tissue (dRIT) visible by normal light microscopy. Rabies
detection by dRIT light microscopy is 10 times less
expensive than fluorescence microscopy required for the
current gold standard of rabies diagnosis. The test showed
ideal results in fresh samples with 100% agreement with
the gold standard and confirms the results of a first study
in Tanzania. Thus, it has a significant potential for
diagnosing rabies in low-income countries, and under
field conditions where rabies diagnosis is unavailable for
the moment. This new test opens up a great potential to
train technical staff and to establish rabies diagnosis
without delay in low-income countries with urban rabies.

DFA
a

dRIT

PCR

Diagnosis of fresh samples at LRVZ

47

35

Evaluation of dRIT

retesting at LRVZ, Chad

68b

68b

tested twice

10

10

tested three times

retesting at CDC, Atlanta

74b,c

74b,c

tested twice

10

tested three times

Total number of tests


conducted

209

198

75b

75

In one case of the collected 48 samples, the absence of brain tissue precluded
adequate diagnosis.
Including the 47 samples collected in this study and 21 and 28, respectively of
archived samples obtained in previous investigations
c
In one case of the 75 shipped samples, the remaining material was insufficient
to perform the diagnostic tests.
doi:10.1371/journal.pntd.0000206.t001
b

alternative to storage at 220uC in case of no availability of a


freezer and may be used for current rabies diagnostic tests [9].
The objectives of the present study were 1) to evaluate the dRIT
with samples from suspect urban domestic animals in NDjamena,
Chad, by comparing the results of the dRIT and the gold standard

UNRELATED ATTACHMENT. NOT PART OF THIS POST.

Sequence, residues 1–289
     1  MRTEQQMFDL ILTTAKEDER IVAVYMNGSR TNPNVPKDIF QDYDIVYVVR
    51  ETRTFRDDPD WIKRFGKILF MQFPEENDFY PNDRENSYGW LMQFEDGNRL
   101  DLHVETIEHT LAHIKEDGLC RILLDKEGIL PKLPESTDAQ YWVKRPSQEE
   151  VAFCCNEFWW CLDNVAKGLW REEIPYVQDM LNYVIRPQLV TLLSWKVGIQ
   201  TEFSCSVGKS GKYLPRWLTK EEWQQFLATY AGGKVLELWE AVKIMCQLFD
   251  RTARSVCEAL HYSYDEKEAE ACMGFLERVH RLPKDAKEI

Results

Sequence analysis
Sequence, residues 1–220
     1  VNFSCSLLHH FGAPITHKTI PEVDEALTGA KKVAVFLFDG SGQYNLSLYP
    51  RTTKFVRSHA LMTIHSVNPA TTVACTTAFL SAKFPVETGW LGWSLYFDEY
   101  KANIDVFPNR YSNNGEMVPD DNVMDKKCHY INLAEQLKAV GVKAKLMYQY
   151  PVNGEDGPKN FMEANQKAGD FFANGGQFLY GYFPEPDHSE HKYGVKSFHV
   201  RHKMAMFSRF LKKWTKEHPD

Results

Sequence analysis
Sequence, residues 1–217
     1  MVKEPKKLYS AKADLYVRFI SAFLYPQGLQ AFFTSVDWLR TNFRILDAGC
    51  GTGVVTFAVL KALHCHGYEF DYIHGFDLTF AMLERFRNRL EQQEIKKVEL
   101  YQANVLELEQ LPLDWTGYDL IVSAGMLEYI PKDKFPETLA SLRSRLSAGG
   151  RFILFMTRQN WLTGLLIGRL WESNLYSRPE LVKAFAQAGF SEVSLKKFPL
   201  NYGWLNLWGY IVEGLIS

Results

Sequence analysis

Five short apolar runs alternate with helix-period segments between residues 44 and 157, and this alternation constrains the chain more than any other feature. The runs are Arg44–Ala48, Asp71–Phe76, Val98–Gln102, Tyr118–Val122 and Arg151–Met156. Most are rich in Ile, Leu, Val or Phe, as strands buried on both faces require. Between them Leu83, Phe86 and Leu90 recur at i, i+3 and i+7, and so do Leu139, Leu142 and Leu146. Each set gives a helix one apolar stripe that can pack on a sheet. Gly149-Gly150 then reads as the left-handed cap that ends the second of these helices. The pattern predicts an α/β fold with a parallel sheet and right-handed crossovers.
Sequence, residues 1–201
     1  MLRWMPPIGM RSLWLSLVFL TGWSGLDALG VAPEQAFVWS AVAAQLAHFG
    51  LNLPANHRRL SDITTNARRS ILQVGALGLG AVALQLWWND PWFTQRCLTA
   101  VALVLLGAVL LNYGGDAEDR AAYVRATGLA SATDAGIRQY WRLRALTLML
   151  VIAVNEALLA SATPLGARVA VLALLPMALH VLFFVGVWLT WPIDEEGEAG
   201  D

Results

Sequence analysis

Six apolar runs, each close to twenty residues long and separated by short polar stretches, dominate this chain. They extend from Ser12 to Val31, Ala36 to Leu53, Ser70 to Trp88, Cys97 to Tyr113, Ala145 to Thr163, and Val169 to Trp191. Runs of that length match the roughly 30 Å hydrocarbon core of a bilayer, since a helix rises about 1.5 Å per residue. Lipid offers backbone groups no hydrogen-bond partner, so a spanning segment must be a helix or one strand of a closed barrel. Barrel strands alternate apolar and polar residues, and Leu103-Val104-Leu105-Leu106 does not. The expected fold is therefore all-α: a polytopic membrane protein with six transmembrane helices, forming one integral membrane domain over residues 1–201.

2) to characterize the rabies viruses by genetic sequencing and 3) to
re-estimate the incidence of canine rabies in NDjamena.

rabies centre, unpublished data). For staining, the polyclonal SADRNP/FITC conjugate and the FITC Anti-Rabies Monoclonal
Globulin were used. The dRIT was established in Chad after the
training at the CDC of one of the study performer and the
equipment and kit of the test were provided by CDC. The dRIT is
described by Lembo et al. [8]. Positive results show red inclusions
within bluish cell bodies (see Figure 1), which are not visible in
negative samples (see Figure 2). The examination took place on the
same day or, if the applicant delivered the animal at the end of the
work time, the examination took place the next day. In fresh
samples, where the dRIT was used parallel to the DFA (n = 35),
the samples were read separately by two independent persons
(laboratory technicians and veterinarians). Where available brain
stem (medulla), cerebellum or Ammons horn were used for the
diagnosis. When these parts where not identifiable because the
brains were decomposed, most fresh brain parts are chosen. On
the day of the diagnosis, the same parts of brain as used for
diagnosis were stored in two different manners at 220 degrees

Materials and Methods


Study place
The study location was NDjamena, the capital of Chad, with a
human population of 775,876 in 2001 [10]. The dog population of
NDjamena is estimated to be 23,575 (95% C.I. 149579379921)
[10]. The density of the dog population varies in different areas,
depending on socio-cultural features of the inhabitants. The